I read an article somewhere before, about the etiquette of snowball fights, and how the rules don't apply when kids roam the streets on Christmas looking for victims. You're in their territory now - your authority means nothing on this day.


He's not posing. Just waiting for people to empty his bucket on.



Holi Faces

Not happy with any of the photos. These will do.

Thursday, March 12, 2009

Waking up early to shoot feels good. Sleepily good. Hope that the early morning light will make it easier for me to make some hard decisions.

Monday, March 09, 2009

YouTube and other media sharing sites has been blocked in Bangladesh because of an audio clip -- featuring Sheikh Hasina at a meeting with army officers after the mutiny.

Just listened to the clip (linked from the article above), and I'll have to wait to get someone to translate it for me, but I did manage to catch a few utterances of "suor baccha" which literally translates to "the child of a pig".

Anyway, as the author of the article linked above wrote: "For those of you who do not understand Bengali, shouting sounds the same in any language."


Friday, March 06, 2009

Because I Can Be A Little Obsessive

Ok, so my heart stopped with jealousy when I saw this photo.

Is that a job I can apply for?

Found on I Can Has Cheezburger which I absolutely adore. I admit I haven't yet warmed up to Lolspeak, but it does have its moments.

Been on the site for the last couple of days. Housemate knew I liked cats, but I don't think he was aware of how much.

funny pictures of cats with captions
more animals

Thursday, March 05, 2009

Time's A-Wasting

Found these on moderncat :


This wins the prize for best possible gift for any moderncat owner — the Control A Cat remote. With push button commands for “show affection,” “retract claws,” and “remain aloof,” plus purr volume and eject fur ball keys, this is pure genius. I especially love the instructions for use:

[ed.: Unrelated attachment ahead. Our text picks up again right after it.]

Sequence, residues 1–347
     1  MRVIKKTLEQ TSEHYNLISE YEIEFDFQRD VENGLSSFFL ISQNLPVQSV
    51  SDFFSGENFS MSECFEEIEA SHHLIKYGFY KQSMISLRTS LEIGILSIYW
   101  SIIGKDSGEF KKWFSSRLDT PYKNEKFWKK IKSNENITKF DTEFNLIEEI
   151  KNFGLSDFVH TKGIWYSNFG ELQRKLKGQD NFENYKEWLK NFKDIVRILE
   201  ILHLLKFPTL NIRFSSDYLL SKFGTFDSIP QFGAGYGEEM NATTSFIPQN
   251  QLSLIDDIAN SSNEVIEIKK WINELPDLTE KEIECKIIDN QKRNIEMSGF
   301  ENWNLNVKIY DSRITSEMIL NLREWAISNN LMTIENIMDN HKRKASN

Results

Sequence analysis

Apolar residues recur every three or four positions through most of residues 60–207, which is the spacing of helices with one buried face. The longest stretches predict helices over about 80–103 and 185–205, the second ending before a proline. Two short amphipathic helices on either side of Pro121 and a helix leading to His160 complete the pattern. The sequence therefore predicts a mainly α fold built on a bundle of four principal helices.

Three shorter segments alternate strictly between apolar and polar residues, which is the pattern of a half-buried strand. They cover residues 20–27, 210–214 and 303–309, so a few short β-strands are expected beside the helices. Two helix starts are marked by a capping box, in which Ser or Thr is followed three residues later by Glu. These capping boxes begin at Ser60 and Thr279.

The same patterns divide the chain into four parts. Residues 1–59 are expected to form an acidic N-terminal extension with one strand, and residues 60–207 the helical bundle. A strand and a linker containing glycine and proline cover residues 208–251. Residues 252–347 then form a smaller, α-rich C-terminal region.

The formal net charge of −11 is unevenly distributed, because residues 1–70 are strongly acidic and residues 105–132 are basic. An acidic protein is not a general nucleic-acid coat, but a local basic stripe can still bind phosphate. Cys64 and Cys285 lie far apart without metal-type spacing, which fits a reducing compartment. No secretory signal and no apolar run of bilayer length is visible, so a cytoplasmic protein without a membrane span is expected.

1. Point remote at subject.
  2. Push any button on remote.
  3. Hope for the best.

And the best part, “No batteries required: powered by positive thinking.” Exactly.

Another one on the Sure-Would-Like-To-Have-This list:

Curved Pet Board by Akemi Tanaka

And finally:

A camera for your cat. It automatically takes photos ever XXX minutes or so. Not recommended for felines that don't indulge in much movement.

Wordle is turning out to be quite interesting too.

Wednesday, March 04, 2009

Nice bit of trivia (thanks to xkcd. again.)

Godwin's Law (also known as Godwin's Rule of Nazi Analogies) is an adage formulated by Mike Godwin in 1990.

The law states: "As a Usenet discussion grows longer, the probability of a comparison involving Nazis or Hitler approaches one."

Monday, March 02, 2009


Back to the routine.

I don't have time to follow up on the event anymore, and you have no idea how much I wish I could be doing that as a job and not a side thing. The last few days has put things into perspective for me, personally, and I'm grateful for it.

So here's the final photo on the BDR mutiny.

BDR Mutiny - Aftermath

The BDR soldiers who were not in the compound had to report back. And they did, in droves that blocked up the entire road outside of Rifle Square. I felt strange to be amongst all these soldiers in uniform. Just a few days ago, a sight of a soldier in this uniform was the sight all photographers wanted (and feared) to see. And here they were, surrounding me.

A young man came up to me and Naeem, to ask if we were journalists. I didn't really know what to say, but he assumed it anyway and told us his father was in the BDR, in the queue waiting to get his name taken down.

The look on his face made such an impression on me. The face of a young man trying to be as strong as he possibly could, but the stress was too much and threatening to etch itself onto his face. A face which tried to hide it, but still showed the uncertainty and the worry he had about what will happen to his father. He didn't rant or complain like many others had. He spoke in even, measured tones, controlling his emotions as best as he could.

"What do you think of this?" he asked.

I told him I was confused. That I didn't know what or who to believe anymore.

He told us, his father had been on leave. They lived in the compound, and had been allowed to leave/escape on the second day of the mutiny.

Throughout the conversation, I just had this sense that there was something he really wanted to say, but chose to hold it in instead.

And in a country where its common for everyone to want to be heard, to have a chance to state his/her opinion -- silence sometimes means so much more.